I am going to keep my arse in this seat until I no longer feel like this…..

Disclaimer #1: It is important to note that the Arse in Seat Model does not work for all disciplines. For example, if you are hoping to compete in a marathon of more than mere words, you must get your arse out of the seat.

Disclaimer #2: This picture is also not me. I do not wear heels and I do not dress in all white – not even after Easter. And my floor is very honestly not that clean. Never will be.

My Ruby Slippers by Tracy Seeley…….

I know, where have I been?

Reading My Ruby Slippers…

and I reviewed it over here at A Reason To Read ……

No Appointment Needed…………

If you have a blog about India, at some point you are going to post some pictures like these….

All along the streets in Delhi, you will see these roadside barber shops. They are charming spots where men stop to get a shave or a haircut and they appear randomly along the way. It is one of the few things in Delhi that still surprises me. I am losing some of my awe at the things I see because now life in Delhi is becoming so normal – things are just the way they are – not so amazing any more – still interesting but no longer shocking. But these little stands still cause me to turn my head and wonder. I am not sure why, but I find them so fascinating. They absolutely capture my attention every time I see them.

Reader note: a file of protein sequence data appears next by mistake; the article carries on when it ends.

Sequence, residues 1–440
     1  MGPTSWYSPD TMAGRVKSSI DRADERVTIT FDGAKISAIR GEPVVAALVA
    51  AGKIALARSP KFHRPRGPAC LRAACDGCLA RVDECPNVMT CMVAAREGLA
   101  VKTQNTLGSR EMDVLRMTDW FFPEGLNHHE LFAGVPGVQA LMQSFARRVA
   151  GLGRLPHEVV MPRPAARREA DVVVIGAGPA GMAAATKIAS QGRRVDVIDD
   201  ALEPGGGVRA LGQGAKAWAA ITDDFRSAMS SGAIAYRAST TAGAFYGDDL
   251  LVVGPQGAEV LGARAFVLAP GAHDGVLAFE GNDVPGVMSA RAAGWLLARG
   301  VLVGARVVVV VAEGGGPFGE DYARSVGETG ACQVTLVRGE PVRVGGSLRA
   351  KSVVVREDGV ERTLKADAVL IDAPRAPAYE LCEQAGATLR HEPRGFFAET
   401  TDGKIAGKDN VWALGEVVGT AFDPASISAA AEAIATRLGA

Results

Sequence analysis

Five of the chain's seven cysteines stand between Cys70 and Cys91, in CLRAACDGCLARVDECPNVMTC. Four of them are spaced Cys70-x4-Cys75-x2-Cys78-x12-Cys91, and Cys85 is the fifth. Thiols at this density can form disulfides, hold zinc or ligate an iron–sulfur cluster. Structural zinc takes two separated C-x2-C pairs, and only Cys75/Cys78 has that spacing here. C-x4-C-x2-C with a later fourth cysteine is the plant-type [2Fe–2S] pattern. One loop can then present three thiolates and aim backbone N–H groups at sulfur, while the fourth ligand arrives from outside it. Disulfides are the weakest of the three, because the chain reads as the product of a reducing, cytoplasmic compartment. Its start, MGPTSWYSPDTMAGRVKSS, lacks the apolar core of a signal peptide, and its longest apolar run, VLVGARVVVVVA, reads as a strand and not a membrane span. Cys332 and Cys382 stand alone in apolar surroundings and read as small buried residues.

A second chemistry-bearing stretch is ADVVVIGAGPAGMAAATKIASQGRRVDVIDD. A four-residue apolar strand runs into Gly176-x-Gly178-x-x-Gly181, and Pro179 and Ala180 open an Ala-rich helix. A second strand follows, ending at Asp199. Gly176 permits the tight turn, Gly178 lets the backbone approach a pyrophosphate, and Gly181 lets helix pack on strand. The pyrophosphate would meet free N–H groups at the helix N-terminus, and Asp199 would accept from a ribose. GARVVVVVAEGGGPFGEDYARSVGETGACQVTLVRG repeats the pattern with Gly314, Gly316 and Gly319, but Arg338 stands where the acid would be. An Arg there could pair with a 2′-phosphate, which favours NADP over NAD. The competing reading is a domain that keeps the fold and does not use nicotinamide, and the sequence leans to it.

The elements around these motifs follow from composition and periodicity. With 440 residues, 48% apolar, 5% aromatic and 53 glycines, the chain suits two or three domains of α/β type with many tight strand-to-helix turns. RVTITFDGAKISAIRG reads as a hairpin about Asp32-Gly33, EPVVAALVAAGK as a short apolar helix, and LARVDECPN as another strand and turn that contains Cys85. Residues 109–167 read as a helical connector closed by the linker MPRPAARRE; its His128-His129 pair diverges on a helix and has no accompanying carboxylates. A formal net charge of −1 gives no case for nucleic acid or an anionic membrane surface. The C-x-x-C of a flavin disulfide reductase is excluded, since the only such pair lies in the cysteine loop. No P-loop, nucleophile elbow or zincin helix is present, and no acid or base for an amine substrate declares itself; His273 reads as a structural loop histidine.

Update: I went to a lovely lunch today and, while there,  met some fellow expats who also blog about India – I have added their links to my blogroll (Mezze Moments and Mrs. Expat). Some of the other ladies at the table had questions about blogs and we talked about this post I wrote today. It finally occurred to me why these barber stands fascinate me so. They are the perfect example of how simple life can really be in India. To be a barber, you really only need a mirror, a chair, a pair of scissors, and a customer. You don’t need chairs that raise up and down, an assistant, fancy lighting, a receptionist, a certificate, or  a wall to hang a certificate on. When and where don’t always matter so much. Anywhere and anytime can be the simple answer. Right here, right now. I can imagine a man walking down the street, scratching his neck, and thinking “I need a haircut.” He simply turns a corner and – wahlah – there is a barber. He spends a few minutes and even fewer rupees and he can be on his way. I can certainly learn to approach things more simply just from watching the barber on the corner.

It’s beginning to look a lot like Christmas………